In addition, Cat Island has extremely high recreational potential for hunters, anglers, birdwatchers, nature photographers, and others interested in the outdoors and wildlife. We also believe there are very real possibilities of working with the local communities to promote ecotourism, such as birding festivals, which would both promote awareness of our wildlife resources and provide economic benefits to local businesses and governments.
Title VI of last year's appropriation bill provided $500,000 for land acquisition, and for the proposed Cat Island NWR. In support of the establishment of the refuge, the Administration has included an additional $4,000,000 for land acquisition in the FY 2001 budget request. In addition, the Migratory Bird Conservation Commission has approved another $500,000 for acquisition of a tract at Cat Island of particular importance to migratory waterfowl. H.R. 3292 strengthens these efforts by providing express Congressional authorization to establish the refuge, creating a refuge acquisition boundary, and establishing refuge purposes.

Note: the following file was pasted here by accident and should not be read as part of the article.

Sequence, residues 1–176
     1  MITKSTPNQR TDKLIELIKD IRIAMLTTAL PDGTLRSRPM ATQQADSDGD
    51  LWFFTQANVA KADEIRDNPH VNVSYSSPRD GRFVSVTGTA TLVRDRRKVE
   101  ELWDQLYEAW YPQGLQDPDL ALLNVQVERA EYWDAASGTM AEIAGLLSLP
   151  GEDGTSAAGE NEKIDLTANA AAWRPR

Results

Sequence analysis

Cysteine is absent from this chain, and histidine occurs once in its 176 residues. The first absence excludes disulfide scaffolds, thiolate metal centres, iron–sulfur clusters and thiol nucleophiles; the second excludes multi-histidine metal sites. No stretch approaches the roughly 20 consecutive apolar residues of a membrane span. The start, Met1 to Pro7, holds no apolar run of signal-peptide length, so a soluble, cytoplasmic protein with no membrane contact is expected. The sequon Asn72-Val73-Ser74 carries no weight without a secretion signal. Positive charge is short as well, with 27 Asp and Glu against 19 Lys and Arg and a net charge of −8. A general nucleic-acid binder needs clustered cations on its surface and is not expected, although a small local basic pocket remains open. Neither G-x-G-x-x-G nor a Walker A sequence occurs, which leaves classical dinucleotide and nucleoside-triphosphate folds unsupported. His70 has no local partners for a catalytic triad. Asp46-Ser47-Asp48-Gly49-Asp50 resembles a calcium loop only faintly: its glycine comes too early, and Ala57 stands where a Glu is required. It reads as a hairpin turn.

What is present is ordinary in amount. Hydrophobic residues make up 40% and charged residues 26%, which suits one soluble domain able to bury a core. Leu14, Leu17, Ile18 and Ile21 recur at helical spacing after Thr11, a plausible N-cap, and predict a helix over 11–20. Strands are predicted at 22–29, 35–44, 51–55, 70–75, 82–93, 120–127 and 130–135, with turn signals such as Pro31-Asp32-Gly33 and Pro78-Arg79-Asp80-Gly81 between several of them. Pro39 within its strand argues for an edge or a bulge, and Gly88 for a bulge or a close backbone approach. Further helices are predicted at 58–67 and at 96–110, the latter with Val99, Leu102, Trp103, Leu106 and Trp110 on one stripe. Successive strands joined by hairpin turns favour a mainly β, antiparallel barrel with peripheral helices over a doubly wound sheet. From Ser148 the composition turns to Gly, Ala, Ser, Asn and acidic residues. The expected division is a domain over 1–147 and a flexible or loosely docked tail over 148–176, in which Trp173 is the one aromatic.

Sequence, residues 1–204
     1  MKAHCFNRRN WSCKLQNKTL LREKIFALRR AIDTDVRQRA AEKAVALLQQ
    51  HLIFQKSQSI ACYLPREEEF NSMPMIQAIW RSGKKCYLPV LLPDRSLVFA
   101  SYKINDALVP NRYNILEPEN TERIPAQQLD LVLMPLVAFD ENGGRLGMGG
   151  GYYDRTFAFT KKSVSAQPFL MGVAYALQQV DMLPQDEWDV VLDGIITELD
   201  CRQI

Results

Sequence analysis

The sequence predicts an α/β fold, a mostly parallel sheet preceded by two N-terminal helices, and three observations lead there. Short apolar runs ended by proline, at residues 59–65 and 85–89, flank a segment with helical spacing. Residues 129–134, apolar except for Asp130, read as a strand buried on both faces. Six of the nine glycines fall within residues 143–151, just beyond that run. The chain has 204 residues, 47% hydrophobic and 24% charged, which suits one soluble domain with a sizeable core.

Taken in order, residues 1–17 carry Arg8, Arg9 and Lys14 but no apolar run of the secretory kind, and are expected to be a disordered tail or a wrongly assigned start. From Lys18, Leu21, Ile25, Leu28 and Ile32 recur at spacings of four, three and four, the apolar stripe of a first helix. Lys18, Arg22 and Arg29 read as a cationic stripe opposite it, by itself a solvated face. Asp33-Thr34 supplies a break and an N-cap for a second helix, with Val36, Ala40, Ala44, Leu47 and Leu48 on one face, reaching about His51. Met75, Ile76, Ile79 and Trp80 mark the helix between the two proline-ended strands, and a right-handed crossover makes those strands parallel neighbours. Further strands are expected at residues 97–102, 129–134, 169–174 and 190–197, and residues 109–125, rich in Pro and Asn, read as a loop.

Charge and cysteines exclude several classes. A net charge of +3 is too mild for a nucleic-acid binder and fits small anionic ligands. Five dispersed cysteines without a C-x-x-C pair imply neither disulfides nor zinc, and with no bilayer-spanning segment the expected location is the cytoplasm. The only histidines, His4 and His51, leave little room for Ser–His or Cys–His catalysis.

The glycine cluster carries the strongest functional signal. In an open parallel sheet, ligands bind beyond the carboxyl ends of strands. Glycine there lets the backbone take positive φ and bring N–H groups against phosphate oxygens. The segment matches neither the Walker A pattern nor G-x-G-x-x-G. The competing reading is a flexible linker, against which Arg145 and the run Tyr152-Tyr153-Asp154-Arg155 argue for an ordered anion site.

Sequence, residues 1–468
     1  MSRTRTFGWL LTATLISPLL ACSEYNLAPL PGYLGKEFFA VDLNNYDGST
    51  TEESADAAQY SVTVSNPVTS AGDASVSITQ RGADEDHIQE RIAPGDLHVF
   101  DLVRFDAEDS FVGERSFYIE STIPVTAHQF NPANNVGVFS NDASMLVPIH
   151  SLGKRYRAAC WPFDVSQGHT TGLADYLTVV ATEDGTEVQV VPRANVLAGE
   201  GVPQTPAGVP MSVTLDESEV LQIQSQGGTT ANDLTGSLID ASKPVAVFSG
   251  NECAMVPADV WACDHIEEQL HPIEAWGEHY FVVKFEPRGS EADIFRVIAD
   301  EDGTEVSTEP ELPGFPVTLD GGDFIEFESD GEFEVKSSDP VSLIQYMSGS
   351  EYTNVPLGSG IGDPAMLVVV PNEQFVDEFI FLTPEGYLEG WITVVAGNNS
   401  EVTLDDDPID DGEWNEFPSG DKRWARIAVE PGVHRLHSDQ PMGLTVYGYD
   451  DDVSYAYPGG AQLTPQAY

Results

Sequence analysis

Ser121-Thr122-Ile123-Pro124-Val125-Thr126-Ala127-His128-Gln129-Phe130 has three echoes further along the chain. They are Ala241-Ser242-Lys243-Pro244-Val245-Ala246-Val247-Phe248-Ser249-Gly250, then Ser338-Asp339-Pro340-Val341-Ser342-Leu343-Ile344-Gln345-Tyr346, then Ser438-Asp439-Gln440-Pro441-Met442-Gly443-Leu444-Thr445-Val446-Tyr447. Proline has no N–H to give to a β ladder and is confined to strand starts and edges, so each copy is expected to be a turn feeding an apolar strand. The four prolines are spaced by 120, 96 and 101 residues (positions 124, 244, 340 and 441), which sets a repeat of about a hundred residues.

However, we believe enactment of H.R. 3292 is still desirable. It would provide express Congressional authorization to establish the refuge, create a refuge acquisition boundary, and establish refuge purposes.
In that regard, we would recommend some technical revisions to clarify those purposes. We also recommend that the acreage referred to in the bill be revised from 9,477 acres to 36,500 acres, to reflect the evolution of the proposal since the bill was introduced in November. Both of these changes are highly likely to be reflected in the Senate version of this legislation that we understand will shortly be introduced by Senators Breaux and Landrieu.
We have discussed these with Congressman Baker's office and it is our understanding that all parties are in agreement on these changes. We will gladly work with the Subcommittee staff on this.